To help improve your skin and boost your overall health, follow a diet with a low glycemic load by opting for fruits, vegetables, whole grains, nuts, and beans.


Zinc-Rich Foods

Food rich in zinc, such as spinach, can help curb the skin's oil production, hence preventing acne.
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Some research indicates that the essential mineral zinc may help tame acne-related inflammation and curb your skin’s production of sebum. Zinc is known to reduce the production of the pro-inflammator cytokine called tumor necrosis factor-alpha (TNF-α).

You can boost your zinc intake with such foods such as wheat germ, oysters, pumpkin seeds, and spinach.


Reduced Dairy Intake

Easing up on dairy could help fend off back acne. Try using plant-based milk instead.
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Easing up on dairy—lowfat varieties in particular—could help fend off back acne. Research suggests that androgens and growth hormones found in milk products can stimulate acne development.

According to a 2018 study in the journal Nutrients, the daily consumption of one glass of milk is linked to a 1.25-fold increase in the risk of an acne outbreak, increasing to a 1.43-fold if more than two glasses are consumed.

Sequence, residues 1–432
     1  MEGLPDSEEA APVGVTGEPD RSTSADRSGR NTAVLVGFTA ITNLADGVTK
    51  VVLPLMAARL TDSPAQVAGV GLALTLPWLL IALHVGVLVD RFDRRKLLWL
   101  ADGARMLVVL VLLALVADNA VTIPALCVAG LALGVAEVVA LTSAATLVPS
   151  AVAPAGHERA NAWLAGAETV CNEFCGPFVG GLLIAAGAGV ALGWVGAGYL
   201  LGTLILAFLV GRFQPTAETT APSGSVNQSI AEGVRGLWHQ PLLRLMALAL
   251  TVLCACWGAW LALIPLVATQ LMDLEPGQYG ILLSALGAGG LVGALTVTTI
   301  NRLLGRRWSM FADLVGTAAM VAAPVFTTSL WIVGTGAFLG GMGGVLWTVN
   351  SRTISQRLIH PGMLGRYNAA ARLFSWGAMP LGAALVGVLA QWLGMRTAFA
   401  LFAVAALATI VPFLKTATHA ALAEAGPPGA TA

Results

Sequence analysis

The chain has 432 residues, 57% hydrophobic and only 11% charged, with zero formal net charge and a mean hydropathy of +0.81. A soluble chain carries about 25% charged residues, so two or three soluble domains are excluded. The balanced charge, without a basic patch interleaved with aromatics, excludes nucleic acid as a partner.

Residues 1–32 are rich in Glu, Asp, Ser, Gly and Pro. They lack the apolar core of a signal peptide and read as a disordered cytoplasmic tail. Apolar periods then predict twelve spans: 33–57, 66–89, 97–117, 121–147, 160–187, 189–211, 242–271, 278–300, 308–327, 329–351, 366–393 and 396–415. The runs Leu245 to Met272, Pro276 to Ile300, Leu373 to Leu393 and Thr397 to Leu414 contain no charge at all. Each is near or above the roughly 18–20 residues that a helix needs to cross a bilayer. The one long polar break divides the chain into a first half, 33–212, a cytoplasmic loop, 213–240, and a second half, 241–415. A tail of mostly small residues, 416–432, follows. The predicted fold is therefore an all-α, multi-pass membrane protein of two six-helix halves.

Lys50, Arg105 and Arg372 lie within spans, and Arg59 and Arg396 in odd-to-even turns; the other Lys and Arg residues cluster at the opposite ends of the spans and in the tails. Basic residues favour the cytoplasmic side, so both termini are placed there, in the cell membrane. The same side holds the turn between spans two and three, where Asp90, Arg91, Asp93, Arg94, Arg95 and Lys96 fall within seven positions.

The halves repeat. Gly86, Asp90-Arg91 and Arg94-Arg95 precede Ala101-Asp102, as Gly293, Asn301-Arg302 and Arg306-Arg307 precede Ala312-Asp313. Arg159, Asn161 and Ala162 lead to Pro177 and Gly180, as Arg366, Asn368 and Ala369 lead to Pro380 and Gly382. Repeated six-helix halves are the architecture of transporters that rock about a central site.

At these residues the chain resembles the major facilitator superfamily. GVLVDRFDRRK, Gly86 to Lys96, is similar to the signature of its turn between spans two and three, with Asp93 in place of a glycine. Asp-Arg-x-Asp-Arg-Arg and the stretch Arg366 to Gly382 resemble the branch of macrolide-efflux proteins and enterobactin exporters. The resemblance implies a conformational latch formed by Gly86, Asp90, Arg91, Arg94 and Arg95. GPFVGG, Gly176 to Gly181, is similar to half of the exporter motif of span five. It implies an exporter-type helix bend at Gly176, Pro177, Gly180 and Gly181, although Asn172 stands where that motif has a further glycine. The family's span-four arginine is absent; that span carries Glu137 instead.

White Willow Bark

White willow bark contains salicylic acid, which can be used to treat acne
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Salicylic acid is a common ingredient in over-the-counter acne cleansers and treatments. For milder acne, applying it on the skin helps to unclog pores by correcting the abnormal shedding of skin cells.

Although products are usually made with synthetic salicylic acid, the chemical is also found naturally in white willow bark. While there is no evidence that white willow bark is as effective as commercial salicylic acid products, a 2010 study reported improvements in skin quality in 30 women treated for 12 weeks with a white willow bark-based serum.

White willow bark may be an option for people who want to avoid certain ingredients in conventional over-the-counter acne remedies.